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to submit supplemental affidavits providing the court with a basis to evaluate whether its
decision to not search additional databases was reasonable). Compare with Truthout v.
Dept of Justice, 968 F. Supp. 2d 32, 37 (D.D.C. 2013)(denying reconsideration because
agency affidavits had clarified that the central database searched would have identified
responsive records contained on shared drives if they existed).
Seeking answers to Daily Callers questions is also reasonably likely to result in the
location of additional responsive records. Noticeably absent from the documentation
produced by State was any record memorializing completion of a single mandatory
security and/or Information Technology training course by either former Secretary of
State Hillary Clinton (Secretary Clinton) or former Deputy Chief of Staff Huma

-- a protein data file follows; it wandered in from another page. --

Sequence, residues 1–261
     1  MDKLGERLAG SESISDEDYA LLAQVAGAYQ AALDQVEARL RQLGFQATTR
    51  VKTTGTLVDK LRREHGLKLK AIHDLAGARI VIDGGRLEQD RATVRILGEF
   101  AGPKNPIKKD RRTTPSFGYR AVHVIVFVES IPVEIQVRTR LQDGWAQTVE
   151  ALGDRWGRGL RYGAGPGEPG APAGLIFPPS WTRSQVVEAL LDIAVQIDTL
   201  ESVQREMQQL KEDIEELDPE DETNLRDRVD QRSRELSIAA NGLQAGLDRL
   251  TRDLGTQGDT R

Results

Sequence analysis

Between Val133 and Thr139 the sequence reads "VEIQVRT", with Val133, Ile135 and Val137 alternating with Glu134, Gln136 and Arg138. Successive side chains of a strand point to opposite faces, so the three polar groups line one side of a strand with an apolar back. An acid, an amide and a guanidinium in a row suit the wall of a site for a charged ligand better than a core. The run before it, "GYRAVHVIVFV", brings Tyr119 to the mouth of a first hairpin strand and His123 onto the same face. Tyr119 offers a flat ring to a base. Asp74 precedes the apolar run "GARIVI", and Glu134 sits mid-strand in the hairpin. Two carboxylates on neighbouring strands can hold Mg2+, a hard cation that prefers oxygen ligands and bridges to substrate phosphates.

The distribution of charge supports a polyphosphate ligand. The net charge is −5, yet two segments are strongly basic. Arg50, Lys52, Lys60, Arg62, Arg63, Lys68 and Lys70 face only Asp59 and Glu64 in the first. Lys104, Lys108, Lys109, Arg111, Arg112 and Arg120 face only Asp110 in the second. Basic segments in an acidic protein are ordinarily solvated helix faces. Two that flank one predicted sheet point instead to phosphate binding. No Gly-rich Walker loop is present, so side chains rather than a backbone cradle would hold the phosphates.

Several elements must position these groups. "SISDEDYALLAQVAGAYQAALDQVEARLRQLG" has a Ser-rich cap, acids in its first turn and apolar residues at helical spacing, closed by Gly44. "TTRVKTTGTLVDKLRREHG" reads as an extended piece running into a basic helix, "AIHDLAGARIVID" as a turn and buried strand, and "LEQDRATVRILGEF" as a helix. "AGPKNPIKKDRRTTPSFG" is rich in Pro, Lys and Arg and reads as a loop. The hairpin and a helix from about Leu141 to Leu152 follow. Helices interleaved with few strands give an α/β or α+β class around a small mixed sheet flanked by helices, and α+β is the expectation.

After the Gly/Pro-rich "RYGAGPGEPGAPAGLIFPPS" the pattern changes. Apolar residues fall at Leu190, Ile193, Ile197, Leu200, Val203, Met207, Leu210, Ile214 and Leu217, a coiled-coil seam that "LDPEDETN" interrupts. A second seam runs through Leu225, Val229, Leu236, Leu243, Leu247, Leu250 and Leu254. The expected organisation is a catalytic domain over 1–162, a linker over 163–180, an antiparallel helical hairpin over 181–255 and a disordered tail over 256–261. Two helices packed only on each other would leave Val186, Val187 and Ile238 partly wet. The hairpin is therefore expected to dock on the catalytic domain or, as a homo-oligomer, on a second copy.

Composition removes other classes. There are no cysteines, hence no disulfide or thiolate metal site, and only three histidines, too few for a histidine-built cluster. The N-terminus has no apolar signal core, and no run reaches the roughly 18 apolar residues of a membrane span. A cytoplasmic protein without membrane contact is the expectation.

Abedin (Ms. Abedin). Although some documentation was produced memorializing
completion of those mandatory courses by former Chief of Staff Cheryl Mills and former
Deputy Chief of Staff Jacob Jake Sullivan for certain years, that documentation did not
encompass the entirety of their respective tenures at State. Given that it was mandatory
for all State employees to complete those training courses on an annual basis, where are
the other records? Why are there no records for either Secretary Clinton or Ms. Abedin at
all? See Moss Decl. at 4.
If may ultimately come to pass that summary judgment will be justified but that time
is not now. Indeed, Daily Caller is contemporaneously filing a Cross-Motion for
Discovery seeking information that would resolve the very questions outlined above. It
would be well within this Courts discretion, as outlined in detail in that separate motion,
to authorize that limited discovery prior to adjudicating the Defendants Motion.

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CONCLUSION
For the foregoing reasons, the Defendants Motion for Summary Judgment should be
denied.
Date: July 1, 2016

Respectfully submitted,
/s/
________________________
Bradley P. Moss, Esq.
D.C. Bar #975905
Mark S. Zaid, Esq.
D.C. Bar #440532
Mark S. Zaid, P.C.
1250 Connecticut Avenue, N.W.
Suite 200
Washington, D.C. 20036
(202) 454-2809
(202) 330-5610 fax
Brad@MarkZaid.com
Mark@MarkZaid.com